Folks from across the Alleghenies and students at Penn State stand united by ukes
The Ukulele Orchestra of Great Britain has undoubtedly influenced musicians worldwide to assemble and perform, and two central Pennsylvania clubs—Allegheny Ukulele Kollective and PSUkulele—are in on the action.
A gateway instrument
Many factors make it hard for some ukulele musicians to just say “no.”
Louise Troxell, Allegheny Ukulele Kollective’s jam leader, has experience. She has played the instrument since elementary school and owns four regular ukes and two banjo ukes.
“I went fairly whole hog” on the purchases, she says. “If you get something that’s sub-par, it makes it harder to play. It’s frustrating because you have to press harder on the strings to make a good sound,” and it’s harder to keep in tune.
Mike Holzer, Allegheny Ukulele director/organizer, says he has a similar weakness. As he gets comfortable with one instrument, he wants to progress to a uke of better quality or to experiment with a different sound. Before you know it, he says, your collection is topping nine. Steve Sherrill, Penn State Altoona associate professor and club co-founder, has a remarkable seventeen.
“You will look around and see other people with different instruments that will make you want to get something a little better. There are three main sizes, and you’ll pick a different size. Then there are other things, like the woods involved—laminate or solid wood, or plastic, or some combo,” Holzer says.
“Plastic ukes do sound different,” Troxell says. “The thing that makes the biggest difference is the wood on top. Different woods sound different.”
She has a similar argument for the type of strings used: “Sometimes they sound tinnier, sometimes muddy. I just changed the strings on one and they sounded brighter and louder.”
The ukulele is the perfect item for those already bitten by the collecting bug, Holzer insists. They are small enough to accumulate, each one is different enough as to avoid redundancy, and they are relatively cheap—unless you’re ready to splurge for a custom-made piece, which might just open more doors for the hobbyist.
“Then you can get into vintage collecting,” Holzer says.
Allegheny Ukulele also strives to recruit new generations of uke enthusiasts.
It hosts bi-monthly jam sessions for players of all skill levels. An upcoming workshop will help participants learn how to play by ear. The club also has performed with the Altoona Symphony Orchestra and will busk at the HUB-Robeson Center and the Eisenhower Auditorium patio, respectively, on the day of The Ukulele Orchestra of Great Britain’s 7:30 p.m. Tuesday, October 13, performance at Eisenhower.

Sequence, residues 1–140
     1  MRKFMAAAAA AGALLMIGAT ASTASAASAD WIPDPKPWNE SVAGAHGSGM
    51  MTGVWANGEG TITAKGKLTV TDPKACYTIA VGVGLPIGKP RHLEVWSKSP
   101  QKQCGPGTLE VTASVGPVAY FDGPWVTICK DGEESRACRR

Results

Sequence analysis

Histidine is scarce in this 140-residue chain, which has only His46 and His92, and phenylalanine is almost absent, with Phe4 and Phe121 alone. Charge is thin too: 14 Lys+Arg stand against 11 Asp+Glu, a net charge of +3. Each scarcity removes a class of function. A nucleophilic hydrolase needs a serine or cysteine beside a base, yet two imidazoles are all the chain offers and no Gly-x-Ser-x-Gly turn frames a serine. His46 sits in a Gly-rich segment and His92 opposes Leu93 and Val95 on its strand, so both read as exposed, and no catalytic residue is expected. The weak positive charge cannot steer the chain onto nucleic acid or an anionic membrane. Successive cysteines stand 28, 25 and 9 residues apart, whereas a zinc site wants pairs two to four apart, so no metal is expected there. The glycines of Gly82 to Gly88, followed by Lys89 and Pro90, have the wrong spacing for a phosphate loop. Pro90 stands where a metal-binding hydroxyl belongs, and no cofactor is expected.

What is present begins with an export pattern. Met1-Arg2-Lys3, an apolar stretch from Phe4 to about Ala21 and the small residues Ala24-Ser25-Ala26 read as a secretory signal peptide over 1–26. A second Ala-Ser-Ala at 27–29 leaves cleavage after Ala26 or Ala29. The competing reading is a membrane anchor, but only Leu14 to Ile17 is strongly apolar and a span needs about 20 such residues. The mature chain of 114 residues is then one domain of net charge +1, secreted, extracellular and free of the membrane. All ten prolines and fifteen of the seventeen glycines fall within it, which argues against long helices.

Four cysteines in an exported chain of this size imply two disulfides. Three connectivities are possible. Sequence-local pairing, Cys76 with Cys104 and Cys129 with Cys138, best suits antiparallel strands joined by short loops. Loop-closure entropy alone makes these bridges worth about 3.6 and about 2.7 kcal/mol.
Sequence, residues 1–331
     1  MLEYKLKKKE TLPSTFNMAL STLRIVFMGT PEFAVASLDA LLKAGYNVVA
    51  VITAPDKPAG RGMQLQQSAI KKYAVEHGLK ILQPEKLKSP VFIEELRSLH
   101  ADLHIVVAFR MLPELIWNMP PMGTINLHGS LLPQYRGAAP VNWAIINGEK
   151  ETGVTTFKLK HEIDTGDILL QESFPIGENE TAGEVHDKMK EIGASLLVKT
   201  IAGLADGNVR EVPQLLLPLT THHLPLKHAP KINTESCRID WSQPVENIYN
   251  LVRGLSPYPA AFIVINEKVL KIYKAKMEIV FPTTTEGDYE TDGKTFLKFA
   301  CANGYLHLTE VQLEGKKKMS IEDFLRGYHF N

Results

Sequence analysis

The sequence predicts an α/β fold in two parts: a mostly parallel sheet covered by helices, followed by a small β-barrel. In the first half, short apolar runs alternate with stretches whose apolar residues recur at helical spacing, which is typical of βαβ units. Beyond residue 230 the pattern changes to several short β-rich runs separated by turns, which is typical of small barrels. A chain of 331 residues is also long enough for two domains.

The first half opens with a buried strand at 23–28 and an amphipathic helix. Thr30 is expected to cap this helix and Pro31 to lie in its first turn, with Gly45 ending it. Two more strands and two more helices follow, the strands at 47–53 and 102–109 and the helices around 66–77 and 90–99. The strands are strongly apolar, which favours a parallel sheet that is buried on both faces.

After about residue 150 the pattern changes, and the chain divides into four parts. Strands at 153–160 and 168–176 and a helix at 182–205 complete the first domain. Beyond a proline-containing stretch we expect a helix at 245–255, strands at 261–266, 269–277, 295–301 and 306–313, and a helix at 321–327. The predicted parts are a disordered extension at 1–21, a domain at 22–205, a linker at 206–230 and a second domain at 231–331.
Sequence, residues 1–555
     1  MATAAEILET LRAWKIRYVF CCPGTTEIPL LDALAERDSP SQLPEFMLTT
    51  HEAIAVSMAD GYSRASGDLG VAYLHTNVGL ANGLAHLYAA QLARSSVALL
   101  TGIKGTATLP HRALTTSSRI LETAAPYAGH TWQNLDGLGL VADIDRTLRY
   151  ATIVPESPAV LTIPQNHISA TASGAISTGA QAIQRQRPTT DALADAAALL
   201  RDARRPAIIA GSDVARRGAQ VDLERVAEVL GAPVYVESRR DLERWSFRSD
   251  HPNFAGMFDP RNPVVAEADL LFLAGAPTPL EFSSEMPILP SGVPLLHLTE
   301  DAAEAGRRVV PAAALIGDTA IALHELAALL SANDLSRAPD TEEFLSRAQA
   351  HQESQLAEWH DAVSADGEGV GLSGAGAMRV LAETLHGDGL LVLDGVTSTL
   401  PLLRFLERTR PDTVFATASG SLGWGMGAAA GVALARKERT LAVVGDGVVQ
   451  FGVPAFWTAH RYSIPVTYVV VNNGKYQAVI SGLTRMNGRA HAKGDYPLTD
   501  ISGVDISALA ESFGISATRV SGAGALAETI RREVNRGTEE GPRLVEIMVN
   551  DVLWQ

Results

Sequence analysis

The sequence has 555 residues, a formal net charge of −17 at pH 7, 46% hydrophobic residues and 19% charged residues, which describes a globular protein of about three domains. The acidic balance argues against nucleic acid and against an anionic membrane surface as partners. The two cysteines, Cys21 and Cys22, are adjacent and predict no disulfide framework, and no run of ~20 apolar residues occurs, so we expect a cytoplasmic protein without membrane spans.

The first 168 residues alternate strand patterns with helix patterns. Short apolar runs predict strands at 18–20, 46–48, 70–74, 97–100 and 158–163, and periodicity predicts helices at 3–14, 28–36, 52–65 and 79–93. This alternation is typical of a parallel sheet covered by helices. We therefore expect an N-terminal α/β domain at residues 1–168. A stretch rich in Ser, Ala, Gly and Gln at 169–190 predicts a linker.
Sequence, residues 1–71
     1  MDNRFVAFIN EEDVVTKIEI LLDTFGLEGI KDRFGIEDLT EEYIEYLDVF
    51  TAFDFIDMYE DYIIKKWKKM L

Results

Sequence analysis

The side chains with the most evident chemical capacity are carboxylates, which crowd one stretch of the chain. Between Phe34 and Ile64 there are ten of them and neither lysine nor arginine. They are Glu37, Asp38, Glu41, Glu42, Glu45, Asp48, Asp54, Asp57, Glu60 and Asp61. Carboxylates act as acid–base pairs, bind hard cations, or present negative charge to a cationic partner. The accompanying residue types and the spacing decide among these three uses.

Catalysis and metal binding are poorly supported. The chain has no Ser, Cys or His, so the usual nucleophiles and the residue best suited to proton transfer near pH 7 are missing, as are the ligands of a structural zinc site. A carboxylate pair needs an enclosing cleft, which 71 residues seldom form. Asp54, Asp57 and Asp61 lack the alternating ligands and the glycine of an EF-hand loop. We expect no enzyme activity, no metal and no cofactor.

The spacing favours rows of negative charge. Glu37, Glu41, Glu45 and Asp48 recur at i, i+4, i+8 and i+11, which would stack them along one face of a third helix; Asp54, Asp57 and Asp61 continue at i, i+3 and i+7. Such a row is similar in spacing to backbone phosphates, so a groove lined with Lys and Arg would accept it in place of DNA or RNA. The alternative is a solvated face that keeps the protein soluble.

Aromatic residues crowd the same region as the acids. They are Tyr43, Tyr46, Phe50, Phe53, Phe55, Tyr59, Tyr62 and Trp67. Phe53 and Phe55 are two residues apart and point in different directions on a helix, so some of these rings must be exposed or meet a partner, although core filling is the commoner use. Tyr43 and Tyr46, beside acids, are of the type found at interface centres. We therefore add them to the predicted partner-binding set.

Troxell has her eye on the future of ukulele playing in central Pennsylvania.
“One goal of the club would be to get more kids involved and interested,” she says.
In July, the club hosted a “Uke it up with Disney” sing-along and workshop at State College’s Schlow Centre Region Library that encouraged a solid crowd of kids to sing along to uke versions of classic Disney songs while strumming their own hand-made instruments. At one jam, she brought a children’s songbook and “the first week I had it available, we had a few kids show up, and we taught them a few chords.”
To help further the goal, the club recently received a grant from the Pennsylvania Rural Arts Alliance and the Pennsylvania Council on the Arts to be used to purchase and give ukulele kits to eighteen libraries in Centre, Blair, Huntingdon, and Bedford counties.
Allegheny Ukulele members will perform at 4–6 p.m. October 13 in Penn State’s HUB-Robeson Center Atrium and at 6:45–7:15 p.m. on the Eisenhower patio. Go to Allegheny Ukes for details.
PSUkulele Vice-president Miranda Sheaffer says she never took her interest in music past a round of Guitar Hero.
“Music is a passion of mine, but I am not musically talented, so I almost felt like a fraud,” she says. “The four-stringed ukulele seemed like an instrument that I could easily learn.”
After she introduced herself and her new instrument to dormitory neighbor Christy Nunn, the two binged on YouTube video tutorials and taught themselves to play.
“I was obsessed,” Nunn, club president, says.
Nunn says she had experience with other instruments, so it was easy enough for her to learn. But she decided she wanted to start a group that welcomed beginner uke players without stigma.
“We wanted to meet other ukulele players that we could jam with and learn from,” she says. “We want to offer a relaxing escape through music. Our focus is on ukulele but is not limited to that instrument. Members may come to play, learn, or collaborate with others.
The ukulele couldn’t be better suited to the result—an upbeat, optimistic atmosphere in which new and seasoned musicians can learn and have fun. That’s one of the cornerstones of the PSUkulele, Penn State’s student-run club. In addition to the instrument’s magical pitch and non-threatening size, the ukulele’s dainty sound and faux naivete would make it unlikely to be chosen by anyone with an attitude problem—a perfect storm for attracting beginners.
Marc Revenson, aka Lil’ Rev, a ukuleleist who travels North America and presents concerts and workshops, has said it’s a real challenge to play a sad song on the instrument.
“It tends to bring a lot of light and happiness into this world,” he told Voice of America in 2013.
In an article by Center for the Performing Arts at Penn State intern Sabrina Evans that appeared last year in Valley Magazine, Nunn says, “The only rule in this club is to be nice. I literally wrote in the constitution that I would kick you out if you were mean.”
Today, the club is home to a twenty-strong and ever-growing band of friends united by the ukulele.
PSUkulele members will perform at 5–5:45 p.m. October 13 at Penn State’s West Halls courtyard and at Milton S. Hershey Medical Center Saturday, October 17. For more information, visit PSUkulele.